French students are about to get a much-needed detox from their cellphones now that the government has banned them during school for kids 15 and under. When will our educational system follow France’s lead?
Sadly, most schools in the United States are turning a blind eye to a looming public health crisis. What are we waiting for? A tragedy? Ten years of data? A lost generation? Not on my watch. These are my children, their peers and their friends. As a parent, I will not allow them to be guinea pigs or data points. We have to do something.
In the beginning, most of us try our best to embrace phone technology; after all, it is the future. We try to let go and be open-minded.
While some teachers are able to control cellphones in their classrooms with a variety of innovative ideas and consequences, many either cannot or will not. Enforcing phone restrictions eats into precious class time, so some tired teachers have instead begged for 20 phone-free minutes, rewarding students with unregulated “work” time for the rest of the period. Cellphones make wonderful babysitters.
Others have flocked to a disturbing “govern yourself” policy. Instead of fighting phones, they give students the freedom to choose: Put them away and learn, or keep them out and do poorly. Imagine a typical middle school boy. Will rocks and minerals capture his attention or Fortnight on his phone? You don’t have to get too deep into brain research to know that he will often make the wrong choice.
So, what are we left with? Lower test scores. Struggling students. Brilliant screens dulling our children’s learning, discussion and creativity.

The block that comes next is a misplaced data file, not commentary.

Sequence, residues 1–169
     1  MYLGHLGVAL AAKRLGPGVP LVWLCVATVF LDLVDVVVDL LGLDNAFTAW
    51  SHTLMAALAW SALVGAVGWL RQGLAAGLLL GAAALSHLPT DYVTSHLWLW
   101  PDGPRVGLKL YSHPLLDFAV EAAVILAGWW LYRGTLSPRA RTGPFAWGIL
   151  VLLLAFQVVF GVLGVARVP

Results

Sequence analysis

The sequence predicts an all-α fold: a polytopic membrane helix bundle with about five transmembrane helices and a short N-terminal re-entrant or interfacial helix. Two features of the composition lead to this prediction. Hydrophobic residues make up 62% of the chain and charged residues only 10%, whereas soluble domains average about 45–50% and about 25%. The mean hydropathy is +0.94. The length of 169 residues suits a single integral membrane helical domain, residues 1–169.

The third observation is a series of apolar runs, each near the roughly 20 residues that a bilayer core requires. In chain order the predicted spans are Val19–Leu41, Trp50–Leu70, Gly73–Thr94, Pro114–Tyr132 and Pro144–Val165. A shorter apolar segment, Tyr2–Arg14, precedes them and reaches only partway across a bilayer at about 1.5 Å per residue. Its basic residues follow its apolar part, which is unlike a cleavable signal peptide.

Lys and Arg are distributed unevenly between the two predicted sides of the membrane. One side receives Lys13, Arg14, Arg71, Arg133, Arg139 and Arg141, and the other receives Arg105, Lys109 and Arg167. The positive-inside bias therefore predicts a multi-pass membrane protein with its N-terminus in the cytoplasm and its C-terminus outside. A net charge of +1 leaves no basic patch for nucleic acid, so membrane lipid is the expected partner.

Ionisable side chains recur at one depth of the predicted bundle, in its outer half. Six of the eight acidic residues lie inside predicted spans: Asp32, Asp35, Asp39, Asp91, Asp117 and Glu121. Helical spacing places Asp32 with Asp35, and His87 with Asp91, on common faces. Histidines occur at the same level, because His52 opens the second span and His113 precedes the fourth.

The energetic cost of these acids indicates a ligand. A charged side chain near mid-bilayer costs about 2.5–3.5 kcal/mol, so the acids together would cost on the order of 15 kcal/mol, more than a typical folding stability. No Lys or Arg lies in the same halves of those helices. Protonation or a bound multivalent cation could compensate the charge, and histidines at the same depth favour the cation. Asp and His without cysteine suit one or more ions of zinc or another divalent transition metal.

And that’s just scratching the surface. Phones are taking an astronomical toll on the social, mental and emotional health of our students. Bullying during school has shifted online. Boys meet in the bathroom to look at porn, and girls scroll through events they weren’t invited to and cut themselves to dull the pain. Kids are airdropping nude photos during class. No wonder there is little brain capacity left for a five-paragraph essay.
Lunch rooms are strangely quiet as kids play online games or pass around gossip-worthy photos, and we wonder why kids are suffering from depression and anxiety like never before. They will never get these years back.
Some have created an enforceable phone policy. Two approaches schools have implemented are as follows: Over-the-door shoe pouch where phones are held during class time. Zero-tolerance policy where phones are taken if they are seen or heard.
I am not sure what everyone is so afraid of. Parents could still get a hold of children if there is an emergency. Office phones are alive and well. School-owned computers and tablets can teach students how to use technology in ways that are actually educational. They will not fall behind the curve if they don’t master Instagram or Game Pigeon.
If very little is being done in your child’s You can try to pressure your school board and principals purchasing a flip phone for my seventh-grader and Looking back on the year, they were both grateful for a less distracted opportunity to learn.
But not every parent can or will regulate like this, so we must have policy. Public education exists to give every student a fair opportunity to learn, regardless of background, socioeconomic status or family situation, and phones — not politicians or lack of funding — are stealthily stripping that opportunity away. It’s time to take a stand.
School administrators everywhere must enact real, enforceable cellphone policies, now, that take phones out of classrooms and put education back in. They are responsible for the learning that does or does not take place during the seven hours students are in school and have the power to change this destructive environment. Teachers need administrative leadership and support, and our children need a fighting chance to excel in this oversaturated world. We cannot wait one year longer. Our children deserve more.
One thing parents can do is download and install an app that allows them to shut off their child’s phone during school time. I have listed several popular apps that allow parents to control screen time and content.
CONSUMER ADVOCATE – PARENTAL APPS
Thomas Kessler, LMFT, RAS
Marriage & Family Therapist and Registered Addiction Specialist